Africa

Libyan Officials Say Military Remains Strong, As Rebels Advance

Aug. 17: In this photo, a Libyan rebel fighter readies his weapon before heading to the front line in Sabratha, 50 miles west of Tripoli, Libya.

Aug. 17: In this photo, a Libyan rebel fighter readies his weapon before heading to the front line in Sabratha, 50 miles west of Tripoli, Libya.  (AP)

Despite mounting evidence that Libyan strongman Muammar al-Qaddafi is losing his grip on power and running out of options, his government is putting on a brave face amid recent rebel gains and the deteriorating situation in his besieged capital Tripoli.

On Thursday, the country’s Prime Minister Baghdadi Ali al-Mahmoudi insisted the Libyan military was strong enough to end the conflict, but said it was "high time for a cease-fire" citing the increasing bloodshed.

Speaking through an interpreter, al-Mahmoudi also rejected press reports and rebel claims that they have taken control of the strategic port city of Zawiyah, just 30 miles west of the capital, after six days of intense fighting.

"I want to assure you the Libyan government is still strong and resilient and is in control of the country and all its territory,” said al-Mahoudi. "Az Zawiyah is under our full control.”

"In terms of our military strength we are powerful enough to finish this fight, but the cost in lives would be too high," he said referring to possible government counterattacks. "We are a tribal people and the risk of this violence spreading is too great," al-Mahmoudi said.

This assessment is in stark contrast to a Pentagon statement on Wednesday which described the territory captured by rebels in recent weeks as "significant developments."

Pentagon spokesman George Little said combined with sustained pressure from NATO operations and the economic and diplomatic sanctions, "the future doesn't look particularly bright for (Libyan leader Col. Muammar) Qaddafi, but we'll have to see where things go."

As if to drive the point home, the Libyan Prime Minister's upbeat take on the situation on the battlefield was preceded by a volley of NATO bombs.

Four loud explosions shook the government building as foreign journalists waited for the weekly cabinet meeting to break up. Staff who rushed downstairs said the suburb of Tajura several miles to the east was being bombarded. And, despite repeated denials by leaders of the opposition National Transitional Council (NTC) that a peace deal is being worked out in secret to end the six-month long war, al-Mahmoudi hinted that a negotiated solution could be just days away.

"In the next day or two you will hear good news that will make you happy if you are for peace,” he said.

On the issue that counts though, whether Muammar al-Qaddafi will relinquish his leadership and leave the country, the Libyan government is holding firm.

"The leader will stay in Libya and will continue to be loved by many. He is not involved in the political dialogue,” said al-Mahmoudi. Qaddafi’s ousting, however, is a pre-condition of any peace talks for the NTC.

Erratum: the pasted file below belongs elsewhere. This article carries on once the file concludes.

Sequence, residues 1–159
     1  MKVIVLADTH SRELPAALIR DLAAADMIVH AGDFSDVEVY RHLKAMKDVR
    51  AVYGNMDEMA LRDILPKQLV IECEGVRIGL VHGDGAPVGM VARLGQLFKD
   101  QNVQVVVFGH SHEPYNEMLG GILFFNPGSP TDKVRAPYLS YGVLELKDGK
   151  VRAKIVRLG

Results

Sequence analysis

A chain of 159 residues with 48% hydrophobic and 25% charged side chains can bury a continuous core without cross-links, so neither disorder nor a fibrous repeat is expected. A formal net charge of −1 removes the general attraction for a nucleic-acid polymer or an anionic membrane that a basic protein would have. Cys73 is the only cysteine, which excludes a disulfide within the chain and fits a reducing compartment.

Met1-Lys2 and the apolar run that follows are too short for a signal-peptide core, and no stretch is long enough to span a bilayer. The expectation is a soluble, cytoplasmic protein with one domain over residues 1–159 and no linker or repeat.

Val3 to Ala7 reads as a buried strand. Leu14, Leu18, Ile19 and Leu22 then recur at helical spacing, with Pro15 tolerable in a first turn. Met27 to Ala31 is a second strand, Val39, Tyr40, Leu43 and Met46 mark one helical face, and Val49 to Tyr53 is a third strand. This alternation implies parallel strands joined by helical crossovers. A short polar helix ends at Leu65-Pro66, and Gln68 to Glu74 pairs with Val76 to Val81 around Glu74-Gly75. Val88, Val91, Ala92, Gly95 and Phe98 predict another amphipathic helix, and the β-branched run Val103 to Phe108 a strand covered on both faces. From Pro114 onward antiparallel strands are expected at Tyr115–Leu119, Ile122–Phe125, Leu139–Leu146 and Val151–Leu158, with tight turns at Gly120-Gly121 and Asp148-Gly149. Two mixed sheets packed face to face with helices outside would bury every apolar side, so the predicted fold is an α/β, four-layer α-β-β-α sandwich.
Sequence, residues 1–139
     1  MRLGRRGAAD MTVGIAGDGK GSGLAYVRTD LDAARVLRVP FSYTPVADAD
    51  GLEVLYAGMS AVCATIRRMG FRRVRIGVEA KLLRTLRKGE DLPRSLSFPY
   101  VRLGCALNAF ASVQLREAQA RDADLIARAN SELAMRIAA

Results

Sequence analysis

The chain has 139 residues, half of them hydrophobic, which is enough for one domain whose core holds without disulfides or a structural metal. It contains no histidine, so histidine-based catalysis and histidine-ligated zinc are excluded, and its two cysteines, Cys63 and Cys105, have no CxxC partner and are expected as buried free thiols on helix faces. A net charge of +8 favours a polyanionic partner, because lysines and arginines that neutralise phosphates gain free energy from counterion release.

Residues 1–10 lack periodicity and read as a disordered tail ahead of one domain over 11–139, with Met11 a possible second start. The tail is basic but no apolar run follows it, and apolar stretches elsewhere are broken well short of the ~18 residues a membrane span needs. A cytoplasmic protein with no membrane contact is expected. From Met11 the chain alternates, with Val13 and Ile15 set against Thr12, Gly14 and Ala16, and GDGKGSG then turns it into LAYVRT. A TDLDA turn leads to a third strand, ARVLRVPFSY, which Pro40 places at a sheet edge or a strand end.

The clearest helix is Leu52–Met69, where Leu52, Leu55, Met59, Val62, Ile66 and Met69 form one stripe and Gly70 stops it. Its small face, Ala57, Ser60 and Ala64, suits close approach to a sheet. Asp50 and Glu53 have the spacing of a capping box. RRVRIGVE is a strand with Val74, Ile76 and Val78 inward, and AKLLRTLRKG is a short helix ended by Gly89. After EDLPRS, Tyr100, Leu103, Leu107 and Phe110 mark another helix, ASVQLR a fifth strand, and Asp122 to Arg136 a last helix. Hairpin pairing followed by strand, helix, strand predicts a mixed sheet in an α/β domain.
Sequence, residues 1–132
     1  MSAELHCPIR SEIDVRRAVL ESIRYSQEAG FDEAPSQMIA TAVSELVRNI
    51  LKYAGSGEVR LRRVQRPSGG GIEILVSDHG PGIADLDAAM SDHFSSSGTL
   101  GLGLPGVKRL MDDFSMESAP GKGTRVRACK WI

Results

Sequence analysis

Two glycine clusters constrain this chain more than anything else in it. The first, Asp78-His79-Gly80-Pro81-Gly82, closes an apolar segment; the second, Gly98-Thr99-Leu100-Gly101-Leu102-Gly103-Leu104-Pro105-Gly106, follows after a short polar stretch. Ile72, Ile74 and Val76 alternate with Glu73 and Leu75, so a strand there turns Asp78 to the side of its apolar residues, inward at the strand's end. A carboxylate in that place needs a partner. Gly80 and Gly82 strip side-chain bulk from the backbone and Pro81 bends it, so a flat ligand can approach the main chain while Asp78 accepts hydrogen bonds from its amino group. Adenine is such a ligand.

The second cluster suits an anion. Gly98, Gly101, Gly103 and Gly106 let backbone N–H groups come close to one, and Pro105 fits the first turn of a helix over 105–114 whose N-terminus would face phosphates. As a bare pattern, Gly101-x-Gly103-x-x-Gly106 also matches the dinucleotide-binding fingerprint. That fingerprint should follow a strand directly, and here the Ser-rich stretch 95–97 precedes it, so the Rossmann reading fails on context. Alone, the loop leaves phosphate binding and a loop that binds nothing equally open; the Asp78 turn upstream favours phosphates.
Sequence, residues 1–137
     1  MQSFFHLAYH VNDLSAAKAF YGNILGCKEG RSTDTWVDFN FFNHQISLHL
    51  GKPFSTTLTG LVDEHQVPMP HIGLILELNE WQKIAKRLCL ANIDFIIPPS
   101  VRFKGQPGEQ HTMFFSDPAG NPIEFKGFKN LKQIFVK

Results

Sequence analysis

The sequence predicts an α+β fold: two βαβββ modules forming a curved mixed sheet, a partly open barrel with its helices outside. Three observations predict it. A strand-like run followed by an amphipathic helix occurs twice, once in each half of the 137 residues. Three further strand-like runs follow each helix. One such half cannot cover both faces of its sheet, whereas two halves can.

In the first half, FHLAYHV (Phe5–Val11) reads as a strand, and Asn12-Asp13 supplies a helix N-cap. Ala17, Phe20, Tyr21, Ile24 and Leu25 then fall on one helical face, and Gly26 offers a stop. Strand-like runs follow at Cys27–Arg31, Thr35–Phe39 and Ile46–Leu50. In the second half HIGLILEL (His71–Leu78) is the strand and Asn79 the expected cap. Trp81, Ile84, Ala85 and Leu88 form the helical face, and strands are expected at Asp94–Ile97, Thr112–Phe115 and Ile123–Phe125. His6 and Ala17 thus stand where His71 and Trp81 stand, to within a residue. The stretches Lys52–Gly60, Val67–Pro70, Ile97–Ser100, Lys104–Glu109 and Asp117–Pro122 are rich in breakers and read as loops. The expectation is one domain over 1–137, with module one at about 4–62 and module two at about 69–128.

In the meantime, the pressure continues to grow on Qaddafi, who has held the reins of power in Libya for more than 41 years.

After three weeks of intense battles on several fronts, the Libyan rebels have cut off the capital and Qaddafi's political base has suffered through high profile defections. Using NATO air power to clear the way, rebels pushed into Zawiyah Saturday. On Thursday, they insisted they had cleared out the last remaining pockets of pro-government resistance, including fighters holed up in a nearby oil refinery. If they take and hold Zawiyah, they will control one of the last significant sources of fuel for Qaddafi’s army.

Zawiyah also straddles the main highway between Tunisia and the Libyan capital of Tripoli over which crucial supplies of food, gas and medicines had been flowing, providing the regime with a desperately needed lifeline. The roads south and east of Tripoli are also blocked by militias loyal to the NTC which is headquartered in the breakaway city of Benghazi.

Rebel commanders predicted before the start of these latest offensives that they would have Tripoli in their sights before the end of Ramadan on Aug. 30.

Libyan Deputy Foreign Minister Khaled Kaim last week claimed the “armed gangs” were making suicidal advances to stick to a schedule imposed by NATO.

“The rebels we have arrested say they are under heavy pressure from NATO. They’re being told that they must win because those governments are under pressure from their own people (to end the war),” Kaim said.

NATO’s mandate, authorized by United Nation's Security Council, to maintain an arms embargo, enforce a no fly zone and take all necessary measures to protect civilians in Libya, expires on Sept. 27 and has already been extended once before.

Tripoli, meanwhile, is working towards a crucial date of its own.

Sept. 1 is the anniversary of the Al-Fateh (which in Arabic means the conqueror) revolution, which swept Qaddafi to power almost 42 years ago.

Scaffolding is going up in Tripoli's Green Square ahead of the celebration.

“They (NATO) want to end this before the anniversary of the Al-Fateh revolution,” said government mouthpiece Moussa Ibrahim.

It’s likely the Qaddafi camp will use the date as a rallying call to its followers to continue to resist rebel advances and defend Tripoli against an assault that now seems inevitable.